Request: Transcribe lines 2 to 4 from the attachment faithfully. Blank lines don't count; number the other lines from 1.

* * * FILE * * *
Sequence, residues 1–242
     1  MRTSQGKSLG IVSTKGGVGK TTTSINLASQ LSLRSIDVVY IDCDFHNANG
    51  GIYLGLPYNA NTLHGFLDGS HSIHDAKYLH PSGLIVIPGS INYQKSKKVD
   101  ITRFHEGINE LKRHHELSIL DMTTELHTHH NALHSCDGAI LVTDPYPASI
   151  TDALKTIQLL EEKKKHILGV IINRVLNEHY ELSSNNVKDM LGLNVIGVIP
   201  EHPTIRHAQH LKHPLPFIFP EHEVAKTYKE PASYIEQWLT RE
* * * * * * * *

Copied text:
     1  MRTSQGKSLG IVSTKGGVGK TTTSINLASQ LSLRSIDVVY IDCDFHNANG
    51  GIYLGLPYNA NTLHGFLDGS HSIHDAKYLH PSGLIVIPGS INYQKSKKVD
   101  ITRFHEGINE LKRHHELSIL DMTTELHTHH NALHSCDGAI LVTDPYPASI